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CENTRAL VIEW for Monday, June 2, 2003

by William Hamilton, Ph.D.

M. Frederic Bastiat petitions the French govt.

Victors can afford to be magnanimous and that is what President George W. Bush is being during his brief visit to the Economic Summit of the Eight in Evian, France. Losers, when historic reality hits them between the eyeballs, try to rewrite history.

French President, Jacque Chirac, continues to pretend France is a great power when, in fact, that has not been the case since 1815. Moreover, as presently constituted, France is destined to remain a third-rate power at best.

Every since World War II, France has suffered from Fabian Socialism. No, Virginia, that is not about a singer popular in the days of Dick Clark’s “American Bandstand.” This is a non-revolutionary, generally non-violent economic system that favors government ownership of most of the means of production governed by a large bureaucracy staffed by cultural elites.

The reformed German communist, Willi Schlamm, said, “The problem with socialism is socialism; the problem with capitalism is capitalists,” – meaning, of course, that capitalism is a sound economic system which is sometimes plagued by the greed of some of its operators. Enron is a case in point. But socialism is fatally flawed by its very nature.

Indeed, socialism has, with a few exceptions, been a failure every where it has been tried. The Scandinavians seem content with their womb-to-tomb welfare states; however, unlike Chirac, they understand they are not great powers now and will never be. They are small in size, have ethnically and culturally homogeneous populations and are content to be what they are.

In 1971, through U.S. diplomatic channels, I took delivery of a brand-new VW SuperBug in Oslo, Norway. I paid $1,966 US dollars. My Norwegian host told me the same car would have cost him over $10,000. About $9,000 of that in taxes. Lovely as it is, I crossed Norway off my list of places to live.

France’s biggest problem is a society that assigns low prestige to work. The large and elitist bureaucracy that administers France on behalf of what the elitists think of as its “peasants,” wants to retire on full pension at age 55. Currently, France’s retirees constitute over 25 percent of her population. At the current rate, it won’t be long until only half the population is going to work each day.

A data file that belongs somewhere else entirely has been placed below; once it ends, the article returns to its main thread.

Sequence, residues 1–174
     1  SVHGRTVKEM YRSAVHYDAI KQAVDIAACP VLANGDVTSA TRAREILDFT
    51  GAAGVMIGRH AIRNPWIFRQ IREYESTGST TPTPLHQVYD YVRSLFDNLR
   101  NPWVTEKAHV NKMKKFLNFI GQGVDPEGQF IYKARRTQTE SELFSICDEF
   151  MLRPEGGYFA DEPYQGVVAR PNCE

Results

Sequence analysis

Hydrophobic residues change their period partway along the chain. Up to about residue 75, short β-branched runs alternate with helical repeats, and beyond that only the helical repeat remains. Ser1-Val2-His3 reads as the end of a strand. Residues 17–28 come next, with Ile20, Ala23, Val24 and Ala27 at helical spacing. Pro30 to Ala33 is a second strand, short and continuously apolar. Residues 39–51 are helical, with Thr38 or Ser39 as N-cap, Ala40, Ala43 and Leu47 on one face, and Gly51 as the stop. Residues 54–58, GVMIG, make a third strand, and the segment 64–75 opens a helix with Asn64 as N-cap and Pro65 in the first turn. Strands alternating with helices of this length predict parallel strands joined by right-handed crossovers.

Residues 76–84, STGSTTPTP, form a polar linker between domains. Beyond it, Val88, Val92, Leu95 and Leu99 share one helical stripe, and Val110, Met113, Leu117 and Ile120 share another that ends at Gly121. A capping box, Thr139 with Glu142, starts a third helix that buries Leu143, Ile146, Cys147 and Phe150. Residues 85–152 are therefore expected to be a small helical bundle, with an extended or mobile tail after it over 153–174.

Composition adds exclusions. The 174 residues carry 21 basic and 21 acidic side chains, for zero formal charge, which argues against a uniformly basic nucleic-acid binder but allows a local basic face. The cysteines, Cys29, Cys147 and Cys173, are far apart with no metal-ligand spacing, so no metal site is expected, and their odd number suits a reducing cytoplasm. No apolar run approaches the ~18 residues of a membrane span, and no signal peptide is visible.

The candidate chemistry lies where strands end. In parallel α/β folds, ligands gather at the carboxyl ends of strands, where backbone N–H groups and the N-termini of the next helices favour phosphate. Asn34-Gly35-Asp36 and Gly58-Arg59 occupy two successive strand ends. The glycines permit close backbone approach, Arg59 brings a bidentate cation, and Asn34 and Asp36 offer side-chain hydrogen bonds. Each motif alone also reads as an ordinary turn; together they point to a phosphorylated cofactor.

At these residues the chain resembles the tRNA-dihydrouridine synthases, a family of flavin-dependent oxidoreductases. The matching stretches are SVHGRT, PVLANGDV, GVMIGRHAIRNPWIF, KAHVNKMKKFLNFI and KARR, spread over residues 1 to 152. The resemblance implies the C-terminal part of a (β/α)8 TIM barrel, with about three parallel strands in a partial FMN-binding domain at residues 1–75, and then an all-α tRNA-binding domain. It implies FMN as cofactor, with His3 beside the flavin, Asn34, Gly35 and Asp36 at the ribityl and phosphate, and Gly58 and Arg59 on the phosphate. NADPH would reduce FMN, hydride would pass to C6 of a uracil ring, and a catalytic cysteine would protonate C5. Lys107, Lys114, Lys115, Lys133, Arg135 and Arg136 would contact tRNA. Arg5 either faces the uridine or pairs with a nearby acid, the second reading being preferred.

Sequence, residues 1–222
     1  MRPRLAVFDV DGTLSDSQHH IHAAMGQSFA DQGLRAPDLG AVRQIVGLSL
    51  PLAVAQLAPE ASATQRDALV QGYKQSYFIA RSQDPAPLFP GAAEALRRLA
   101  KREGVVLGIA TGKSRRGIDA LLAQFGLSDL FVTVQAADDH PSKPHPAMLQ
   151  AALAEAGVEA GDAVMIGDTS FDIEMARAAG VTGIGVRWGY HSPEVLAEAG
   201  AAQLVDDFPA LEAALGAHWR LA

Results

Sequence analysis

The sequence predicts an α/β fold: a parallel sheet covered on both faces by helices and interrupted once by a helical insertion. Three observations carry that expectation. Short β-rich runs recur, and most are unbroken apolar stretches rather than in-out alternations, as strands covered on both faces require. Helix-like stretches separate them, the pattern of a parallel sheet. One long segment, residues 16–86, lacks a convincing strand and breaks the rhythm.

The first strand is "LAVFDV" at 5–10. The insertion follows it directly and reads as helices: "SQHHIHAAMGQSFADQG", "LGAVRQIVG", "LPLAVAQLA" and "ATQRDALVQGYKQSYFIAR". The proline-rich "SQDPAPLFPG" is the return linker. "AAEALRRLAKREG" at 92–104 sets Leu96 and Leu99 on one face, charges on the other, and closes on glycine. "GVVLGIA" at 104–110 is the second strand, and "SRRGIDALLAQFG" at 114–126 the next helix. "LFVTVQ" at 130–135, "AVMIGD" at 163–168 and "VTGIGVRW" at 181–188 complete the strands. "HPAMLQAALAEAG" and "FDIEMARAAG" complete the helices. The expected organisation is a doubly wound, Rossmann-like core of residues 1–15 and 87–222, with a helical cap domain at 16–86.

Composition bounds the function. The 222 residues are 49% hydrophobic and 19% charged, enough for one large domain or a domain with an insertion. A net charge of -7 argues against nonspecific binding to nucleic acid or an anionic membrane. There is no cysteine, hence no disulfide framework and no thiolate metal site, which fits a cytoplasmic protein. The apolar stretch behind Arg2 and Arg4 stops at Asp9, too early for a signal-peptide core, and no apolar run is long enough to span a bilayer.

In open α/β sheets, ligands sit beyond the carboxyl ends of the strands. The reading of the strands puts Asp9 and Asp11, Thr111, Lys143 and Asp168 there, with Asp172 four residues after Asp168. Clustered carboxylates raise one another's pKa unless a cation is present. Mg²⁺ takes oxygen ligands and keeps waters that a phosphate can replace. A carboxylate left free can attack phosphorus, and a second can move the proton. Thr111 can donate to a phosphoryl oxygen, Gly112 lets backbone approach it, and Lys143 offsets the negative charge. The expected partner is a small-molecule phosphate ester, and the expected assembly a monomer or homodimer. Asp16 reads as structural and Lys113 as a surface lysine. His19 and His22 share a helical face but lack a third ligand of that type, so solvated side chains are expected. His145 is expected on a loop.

When President Chirac suggested extending the retirement age by 2.5 years, prospective retirees took to the streets in protest.

But a large and unresponsive bureaucracy is nothing new in France, a country with a history of thinking the government is the key to solving its problems. And why not when you train your so-called best and brightest to seek government jobs rather than to go out into the private sector and create meaningful jobs for others? In other words, practice capitalism.

In the 18th Century, the French philosopher, Frederic Bastiat used satire to illustrate the French penchant for government solutions to trade issues and the willingness of the government to engage in anti-capitalistic practices. On behalf of the candle making industry, he petitioned the French government as follows:

We are suffering from the ruinous competition of a foreign rival which apparently works under conditions superior to our own for the production of light that he is flooding the domestic market with it at an incredibly low price; for the moment he appears our sales cease, all consumers turn to him, and a branch of French industry whose ramifications are innumerable is all at once reduced to complete stagnation. This rival, which is none other than the sun, is waging war on us mercilessly. We ask you to be so good as to pass a law requiring the closing of windows…skylights, shutters, curtains and blinds… through which the light of the sun is wont to enter houses, to the detriment of our fair industries.” -- M. Frederic Bastiat.

Amazingly, Bastiat’s “Petition” was given serious consideration by some. Probably, by the ancestors of President Jacques Chirac.

William Hamilton, a nationally syndicated columnist and featured commentator for USA Today, is the co-author of The Grand Conspiracy and The Panama Conspiracy – novels about terrorist attacks on Colorado’s water supply and on the Panama Canal, respectively.

©2003. William Hamilton.

©1999-2017. American Press Syndicate.

Dr. Hamilton can be contacted at:
P.O. Box 2001
Granby, CO 80446

Email: william@central-view.com

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